Yilmaz said the second possibility is that Erdogan may be priming Gul to replace Davutoglu as the leader of the AKP. “We know that President Erdogan keeps close tabs on the nation’s political pulse through opinion polls. … If these indicate that the AKP is facing a meltdown under Davutoglu, Erdogan may prefer to avail of Gul’s political prestige,” Yilmaz argued.

Indicating that the main priority for Erdogan was the AKP’s performance, Yilmaz suggested Erdogan could postpone his plans for a presidential system for the sake of the party’s political well-being. He did not discount the possibility that Gul may also come around eventually and for political reasons accept Erdogan’s plans for a presidential system.

This is not beyond the realm of possibility, since Gul endorsed almost every law the government sent to him when he was president and Erdogan was prime minister. These included the restrictive Internet law and the highly controversial law on the Supreme Board of Judges and Prosecutors.

Ali Saydam, who writes for the pro-government Yeni Safak, believes that Erdogan might have endorsed Gul’s candidacy for parliament knowing that Gul does not want this. “It is possible that [Erdogan] made this call for tactical reasons to consolidate the AKP’s strength, and give it order and unity,” Saydam said.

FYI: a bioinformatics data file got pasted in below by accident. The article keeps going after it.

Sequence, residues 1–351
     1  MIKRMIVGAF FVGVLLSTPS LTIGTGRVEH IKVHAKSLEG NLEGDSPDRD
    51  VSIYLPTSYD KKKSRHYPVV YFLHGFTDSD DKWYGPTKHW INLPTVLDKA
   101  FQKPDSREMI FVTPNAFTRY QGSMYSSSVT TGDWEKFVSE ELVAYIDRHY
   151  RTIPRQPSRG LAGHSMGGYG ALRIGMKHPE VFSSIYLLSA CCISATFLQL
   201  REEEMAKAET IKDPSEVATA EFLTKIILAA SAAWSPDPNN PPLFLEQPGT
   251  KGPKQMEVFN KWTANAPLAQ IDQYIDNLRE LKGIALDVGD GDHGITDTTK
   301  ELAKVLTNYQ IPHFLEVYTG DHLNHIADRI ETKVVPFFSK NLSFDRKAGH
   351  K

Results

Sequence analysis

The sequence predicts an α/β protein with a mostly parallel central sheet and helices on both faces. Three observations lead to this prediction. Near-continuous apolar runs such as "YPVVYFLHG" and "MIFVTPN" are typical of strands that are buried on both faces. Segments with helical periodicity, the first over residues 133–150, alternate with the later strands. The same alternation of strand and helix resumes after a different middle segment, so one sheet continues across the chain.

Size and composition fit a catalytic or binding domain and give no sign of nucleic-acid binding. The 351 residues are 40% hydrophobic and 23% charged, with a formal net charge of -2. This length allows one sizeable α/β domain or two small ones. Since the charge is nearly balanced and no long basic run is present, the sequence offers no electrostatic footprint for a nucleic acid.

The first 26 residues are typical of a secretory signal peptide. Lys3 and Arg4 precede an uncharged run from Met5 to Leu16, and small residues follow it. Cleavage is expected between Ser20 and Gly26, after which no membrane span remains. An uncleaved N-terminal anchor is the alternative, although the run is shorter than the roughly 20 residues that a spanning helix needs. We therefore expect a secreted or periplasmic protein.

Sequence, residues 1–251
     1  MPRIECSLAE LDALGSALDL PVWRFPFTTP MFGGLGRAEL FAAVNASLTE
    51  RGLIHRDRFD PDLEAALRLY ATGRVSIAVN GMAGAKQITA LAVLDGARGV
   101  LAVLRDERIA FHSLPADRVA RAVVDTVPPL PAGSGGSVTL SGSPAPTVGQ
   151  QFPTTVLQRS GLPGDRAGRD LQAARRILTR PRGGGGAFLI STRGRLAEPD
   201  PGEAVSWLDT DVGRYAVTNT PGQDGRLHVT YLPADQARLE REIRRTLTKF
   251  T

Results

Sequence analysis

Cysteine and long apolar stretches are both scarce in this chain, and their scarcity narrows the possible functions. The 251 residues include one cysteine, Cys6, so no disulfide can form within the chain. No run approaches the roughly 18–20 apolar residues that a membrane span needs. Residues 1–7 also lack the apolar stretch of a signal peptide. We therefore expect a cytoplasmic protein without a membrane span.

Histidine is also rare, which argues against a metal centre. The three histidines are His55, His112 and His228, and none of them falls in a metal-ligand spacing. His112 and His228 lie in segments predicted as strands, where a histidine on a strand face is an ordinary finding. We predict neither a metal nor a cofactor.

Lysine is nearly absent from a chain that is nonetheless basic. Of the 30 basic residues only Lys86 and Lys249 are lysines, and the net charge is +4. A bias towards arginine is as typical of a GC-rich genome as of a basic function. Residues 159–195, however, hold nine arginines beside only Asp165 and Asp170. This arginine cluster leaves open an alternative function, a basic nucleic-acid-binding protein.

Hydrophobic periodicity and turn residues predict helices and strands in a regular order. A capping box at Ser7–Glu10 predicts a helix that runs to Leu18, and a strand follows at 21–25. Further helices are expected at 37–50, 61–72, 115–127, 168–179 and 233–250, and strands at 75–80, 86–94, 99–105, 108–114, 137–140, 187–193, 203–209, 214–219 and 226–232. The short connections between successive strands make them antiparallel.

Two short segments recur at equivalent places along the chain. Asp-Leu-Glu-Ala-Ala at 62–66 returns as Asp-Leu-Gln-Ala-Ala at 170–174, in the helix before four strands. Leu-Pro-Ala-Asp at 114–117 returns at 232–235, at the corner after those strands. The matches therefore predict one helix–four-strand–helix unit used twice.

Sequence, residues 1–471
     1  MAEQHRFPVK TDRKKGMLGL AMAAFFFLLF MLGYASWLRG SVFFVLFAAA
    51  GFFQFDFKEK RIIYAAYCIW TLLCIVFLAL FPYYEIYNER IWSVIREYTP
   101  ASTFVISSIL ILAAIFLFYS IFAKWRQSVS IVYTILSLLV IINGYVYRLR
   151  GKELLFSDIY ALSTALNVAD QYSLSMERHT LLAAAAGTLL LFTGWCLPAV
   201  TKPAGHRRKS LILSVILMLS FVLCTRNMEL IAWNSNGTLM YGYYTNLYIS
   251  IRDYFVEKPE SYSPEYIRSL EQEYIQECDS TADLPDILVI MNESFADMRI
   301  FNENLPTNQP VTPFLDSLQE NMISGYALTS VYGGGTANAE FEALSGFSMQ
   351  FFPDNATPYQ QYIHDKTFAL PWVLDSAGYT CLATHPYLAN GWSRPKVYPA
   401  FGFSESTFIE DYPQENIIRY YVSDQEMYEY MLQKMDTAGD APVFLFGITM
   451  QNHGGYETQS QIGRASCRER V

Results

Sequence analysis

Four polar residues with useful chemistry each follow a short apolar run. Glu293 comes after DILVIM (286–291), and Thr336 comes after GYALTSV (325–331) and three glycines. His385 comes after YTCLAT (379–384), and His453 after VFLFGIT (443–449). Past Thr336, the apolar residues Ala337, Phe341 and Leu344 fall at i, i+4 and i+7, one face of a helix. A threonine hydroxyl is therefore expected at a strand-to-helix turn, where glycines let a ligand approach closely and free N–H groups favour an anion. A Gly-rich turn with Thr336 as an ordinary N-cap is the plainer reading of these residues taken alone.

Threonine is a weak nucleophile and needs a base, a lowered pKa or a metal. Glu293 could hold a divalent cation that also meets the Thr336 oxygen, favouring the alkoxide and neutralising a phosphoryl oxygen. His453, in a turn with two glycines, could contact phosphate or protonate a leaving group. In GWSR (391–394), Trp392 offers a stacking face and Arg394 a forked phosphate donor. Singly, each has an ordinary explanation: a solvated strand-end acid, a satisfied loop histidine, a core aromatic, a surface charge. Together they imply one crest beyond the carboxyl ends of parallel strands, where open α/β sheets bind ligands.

Murat Yetkin, the editor-in-chief of Hurriyet Daily News, on the other hand, believes that Erdogan’s motives may not have been all that innocent. He indicated in his column that “it is not clear if Erdogan commended or undermined Gul” with his seemingly innocent remark on Gul’s candidacy. Yetkin said Erdogan’s remark “gives one the impression that Gul’s return to the AKP is dependent on Erdogan’s permission.” 

Taha Akyol quoted sources March 10 who said Gul had decided not to run in the June elections, although there was no immediate statement from Gul’s camp to confirm this.

Given the speculation surrounding his name, there is a strong possibility that Gul will decide not to run in June. This, however, will mean Erdogan’s shadow was too much to bear, and could leave him in political obscurity for the foreseeable future. Gul clearly faces some hard choices.

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Found in: turkey, recep tayyip erdogan, presidential system, power struggle, parliament, elections, ahmet davutoglu, abdullah gul

Semih Idiz is a columnist for Al-Monitor's Turkey Pulse. He is a journalist who has been covering diplomacy and foreign policy issues for major Turkish newspapers for 30 years. His opinion pieces can be followed in the English-language Hurriyet Daily News. His articles have also been published in The Financial Times, The Times of London, Mediterranean Quarterly and Foreign Policy magazine.